A Cuban take on endless love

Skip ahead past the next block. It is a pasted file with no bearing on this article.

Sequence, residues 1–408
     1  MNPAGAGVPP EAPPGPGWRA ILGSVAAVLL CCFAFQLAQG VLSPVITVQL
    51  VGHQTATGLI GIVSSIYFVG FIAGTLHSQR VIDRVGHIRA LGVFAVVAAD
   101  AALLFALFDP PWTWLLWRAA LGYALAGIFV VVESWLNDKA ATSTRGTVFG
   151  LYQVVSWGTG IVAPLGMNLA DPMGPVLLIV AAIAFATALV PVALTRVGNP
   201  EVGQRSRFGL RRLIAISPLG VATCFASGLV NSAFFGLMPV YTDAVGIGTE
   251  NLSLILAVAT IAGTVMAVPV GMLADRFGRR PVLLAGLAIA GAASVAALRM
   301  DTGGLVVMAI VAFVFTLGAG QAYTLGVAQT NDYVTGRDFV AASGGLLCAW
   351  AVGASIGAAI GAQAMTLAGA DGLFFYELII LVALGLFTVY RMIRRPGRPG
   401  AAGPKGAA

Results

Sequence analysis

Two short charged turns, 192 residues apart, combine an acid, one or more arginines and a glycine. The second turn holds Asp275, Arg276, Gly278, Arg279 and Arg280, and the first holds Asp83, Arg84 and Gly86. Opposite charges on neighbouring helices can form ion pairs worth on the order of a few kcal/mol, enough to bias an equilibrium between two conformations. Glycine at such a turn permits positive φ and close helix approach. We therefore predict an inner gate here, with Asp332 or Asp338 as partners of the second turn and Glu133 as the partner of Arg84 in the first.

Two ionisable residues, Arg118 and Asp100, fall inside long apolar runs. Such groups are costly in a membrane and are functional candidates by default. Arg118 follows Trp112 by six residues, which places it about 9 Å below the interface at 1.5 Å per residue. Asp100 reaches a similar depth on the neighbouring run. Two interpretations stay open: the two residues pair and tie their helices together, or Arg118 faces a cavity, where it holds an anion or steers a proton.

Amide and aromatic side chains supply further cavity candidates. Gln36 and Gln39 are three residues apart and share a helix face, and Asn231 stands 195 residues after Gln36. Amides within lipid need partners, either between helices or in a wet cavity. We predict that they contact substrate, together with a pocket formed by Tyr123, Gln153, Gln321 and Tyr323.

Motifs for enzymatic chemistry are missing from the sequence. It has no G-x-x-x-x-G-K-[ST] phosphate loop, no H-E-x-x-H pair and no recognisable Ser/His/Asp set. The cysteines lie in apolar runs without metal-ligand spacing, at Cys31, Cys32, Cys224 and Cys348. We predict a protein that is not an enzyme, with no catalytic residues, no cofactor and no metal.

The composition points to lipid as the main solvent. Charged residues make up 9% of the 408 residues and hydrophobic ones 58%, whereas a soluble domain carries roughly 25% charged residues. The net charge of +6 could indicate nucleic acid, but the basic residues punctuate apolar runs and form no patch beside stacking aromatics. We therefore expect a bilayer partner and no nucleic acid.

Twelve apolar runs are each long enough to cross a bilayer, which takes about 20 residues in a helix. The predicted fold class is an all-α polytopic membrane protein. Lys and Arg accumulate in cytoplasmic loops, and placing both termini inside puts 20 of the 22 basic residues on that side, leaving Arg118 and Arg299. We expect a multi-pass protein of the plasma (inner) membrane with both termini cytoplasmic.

«Viva Cuba,» a drama about the island and its tribulations, love and family ties is opening at mainstream film theaters tomorrow, marking the film’s first public screening outside the framework of a festival. At a press conference last week, director Juan Carlos Cremata Malberti noted that «this is a family film, and not just because children act in it, but also because my entire family worked on it.» His mother has the role of producer, his brother acts, his two cousins worked as art director and musician, while his grandmother… plays the grandmother. The movie has already been awarded the Cannes 2005 Grand Prix Ecrans Juniors award, which is especially for children’s films, and has been bought for distribution in several countries. It was produced with French funds and with contributions from American producers who have not made their names public due to the political situation between Cuba and the USA. Malberti describes the movie as a children’s version of «Romeo and Juliet» which also examines the issue of immigration and, more specifically, the desire of many Cubans to emigrate. The story centers on young Malu (played by Malu Tarre Broche) and Jorgito (Jorgito Milo Avila), two children who are best friends and take an oath to never be separated. But, their families’ differences threaten to tear them apart, as Malu’s upper-class, Christian single mother finds Jorgito’s family too commonplace to associate with her daughter, and Jorgito’s mother, a proud, working-class socialist also sees the divide as prohibitive to their friendship. When the children learn that Malu’s mother has plans to leave Cuba, they embark on a long road trip across the country – by bus, hitchhiking and walking – to find Malu’s father and ask him to put a stop to the move by not signing the «exit authorization» required. Dilemma «Everything is political,» said Malberti. «To stay in Cuba or to go is a dilemma that existed even before the revolution. Being so close to the United States, and so small in size compared to it, creates a lot of conflicts, both political and on an individual level.» Malberti graduated from the cinema, theater and drama program of the Higher Institute of the Arts in Havana. He began his career as an actor, writer and director of children’s television programs. He directed the television film «Diana» (1988) and the short film «Oscuros rinocerontes enjaulados» (1990). His first feature film, «Nothing More» (2002) – a playful commentary on the cumbersome bureaucracy of Cuba – was screened at the Toronto Film Festival in 2002, while «Viva Cuba» is his second feature film. Malberti says that he is planning another two films in the future, titled «Never» and «Nobody,» which will form a trilogy together with «Nothing More.»